Albert Edwards: The 10-Year Yield is Heading to Zero
Investors should brace for a deflationary shock that will drive 10-year Treasury yields to zero or below, according to Albert Edwards.
Edwards is the global strategist for Société Générale and is based in London. He publishes a weekly strategy report, upon which this article is based.
Edwards is known for his “ice age” thesis, which posited that, beginning in 1996, the correlation between bond and stock yields would break down, and 10-year bonds would outperform stocks. His template was Japan and its “lost decade” of growth, which began in 1990. That forecast has been largely accurate, although it was disrupted temporarily by quantitative easing (QE).
He is optimistic that global economies are going through the last act in the ice age. One final bust will take place over the next three to six months before we transition to what he calls the “great melt.”
Deflation and a drop in real yields will accompany that final bust.
Economic growth has stalled despite a fiscal stimulus of about 3.5% of U.S. GDP. There is substantial unemployment, and the impact of the pandemic is crushing economic activity – through lockdowns and changed consumer behavior. That is the underlying cause of the short-term deflationary hit facing the U.S. Outside the U.S., core inflation measures have already collapsed.
In the U.S., core CPI is 1.6%. Some analysts say it may pick up, but Edwards disagrees. The signs of inflation, such as a spike in used car prices, are anomalies. Beneath the surface, the U.S. is behaving similarly to Europe and Japan.
He posted the chart below on Twitter, which came from Nomura. Falling rent prices take a long way to filter through to the CPI, in part because data is sampled only once every six months. But rent is a major component of core CPI, representing nearly 40%, and it has dropped precipitously.
He predicts that U.S. core CPI will go to zero, once the fall in rent prices is reflected in CPI data.
Markets are looking ahead to the success of the vaccines and to 2022 and beyond, according to Edwards. Equity prices and the steepening of the yield curve reflect that outlook. If growth over the next few months falters, though, and core CPI and PCE goes to zero, will the markets look through that?
He doubts that the market will be that sanguine.
A faltering economy and a decline in core inflation, consistent with what has happened in Japan and Europe, will lead to an obliteration of what he calls the “cyclical rotation trade.” That is the trade based on the outperformance of value over growth during the last month or so, following a decade of dominance by growth.
That reversal will be accelerated by the extreme level of optimism shared by market participants, which is shown in a number of indicators: flows to equity funds, bull/bear sentiment and put/call ratio.
The recovery of value was very much tied to an increase in implied inflation expectations, as measured in the U.S. bond market. This is an artificial rise, though. The Fed’s QE, especially during April and May, was skewed toward TIPS to drive inflation expectations upwards, and that effect has persisted, according to Edwards.
This could also be time for a healthy equity correction, according to Edwards.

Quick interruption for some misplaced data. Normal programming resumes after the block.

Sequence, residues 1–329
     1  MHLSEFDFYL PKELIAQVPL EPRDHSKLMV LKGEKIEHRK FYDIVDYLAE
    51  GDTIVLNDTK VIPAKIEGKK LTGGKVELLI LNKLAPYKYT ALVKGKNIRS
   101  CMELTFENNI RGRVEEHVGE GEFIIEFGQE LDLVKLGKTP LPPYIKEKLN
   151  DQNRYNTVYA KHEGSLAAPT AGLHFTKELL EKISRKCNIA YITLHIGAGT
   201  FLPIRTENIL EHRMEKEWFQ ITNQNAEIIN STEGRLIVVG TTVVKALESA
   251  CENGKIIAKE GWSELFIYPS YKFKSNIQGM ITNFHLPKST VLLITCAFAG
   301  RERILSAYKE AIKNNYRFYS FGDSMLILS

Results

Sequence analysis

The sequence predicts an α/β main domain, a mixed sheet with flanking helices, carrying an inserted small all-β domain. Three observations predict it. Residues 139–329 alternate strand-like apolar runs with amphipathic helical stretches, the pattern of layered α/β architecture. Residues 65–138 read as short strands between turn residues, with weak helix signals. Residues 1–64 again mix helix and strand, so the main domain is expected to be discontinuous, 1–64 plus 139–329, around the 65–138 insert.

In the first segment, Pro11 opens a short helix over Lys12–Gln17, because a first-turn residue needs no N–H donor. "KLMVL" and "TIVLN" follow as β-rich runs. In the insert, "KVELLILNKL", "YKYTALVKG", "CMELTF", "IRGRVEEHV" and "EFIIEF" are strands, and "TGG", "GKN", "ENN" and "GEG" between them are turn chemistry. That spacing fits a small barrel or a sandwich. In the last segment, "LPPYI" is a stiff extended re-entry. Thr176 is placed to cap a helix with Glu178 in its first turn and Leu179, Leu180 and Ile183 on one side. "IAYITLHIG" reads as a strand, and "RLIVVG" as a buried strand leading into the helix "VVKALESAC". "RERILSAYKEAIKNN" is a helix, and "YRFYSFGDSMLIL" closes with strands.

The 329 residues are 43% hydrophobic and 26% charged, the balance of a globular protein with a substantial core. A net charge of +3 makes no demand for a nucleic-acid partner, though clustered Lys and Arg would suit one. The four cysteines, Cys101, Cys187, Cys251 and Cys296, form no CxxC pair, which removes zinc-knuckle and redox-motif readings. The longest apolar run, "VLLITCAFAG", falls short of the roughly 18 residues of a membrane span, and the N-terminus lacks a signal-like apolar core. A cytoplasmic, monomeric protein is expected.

Key aspects of the Ice Age are deflation, secular stagnation and the excess of investment over savings, and are coupled with falling equity prices and the outperformance of growth over value.
The problem with a deflationary shock is that it also lowers reported economic growth – it “gaps down” – as does corporate revenue growth. That will be especially harmful to companies with excessive debt loads.
Edwards acknowledged that he missed the effect of the pandemic on tech stocks, which have led stock market performance for most of this year.
But he disagrees with Yale economist Robert Shiller and Martin Wolf, who writes for the Financial Times, who say that equity valuations and the elevated CAPE ratio are justified by low real yields. As bond yields come down, P/Es initially increase, he writes. But once yields go below 3% and move toward zero, P/E ratios contract. That is true outside the U.S., especially in Europe, but it is not true in the U.S. because of the FAANG “bubble,” according to Edwards.
If the U.S. faces an economic downturn or another recession, tech earnings, which were pulled forward by the pandemic, will fall sharply while yields are falling. This could be the catalyst that triggers a market correction, according to Edwards.
Longer term, he thinks there will be greater monetary and fiscal cooperation, and the U.S. will embrace modern monetary theory (MMT) and the monetization of its debt. This is the great melt. One sign of this, which has already happened in the U.K., is that governments are directing commercial banks to lend with government guaranteed loans. Those loans are off the government’s balance sheet – that is, until they fail. It means that governments can create money without relying on the central bank, which is important in the Eurozone.
Budget deficits will persist, according to Edwards. There will be no fiscal tightening, but there will be financial repression, and it will benefit cyclicality and value stocks. But that won’t kick in now. In the near term, the U.S. economy will suffer, especially zombie companies with outsized debt loads.
In the next three to six months, when the final wave of deflation comes – as it has in Europe and Japan – the resurgence of value will reverse and growth will be back in favor, according to Edwards.
Once the great melt is underway, the public will insist that policymakers continue MMT and similar monetization policies. Historically, when money supply growth outpaces economic growth, inflation happens. Inflation could happen next year, according to Edwards. He agrees with descriptive aspects of MMT but fears the political forces that will force it to continue indefinitely.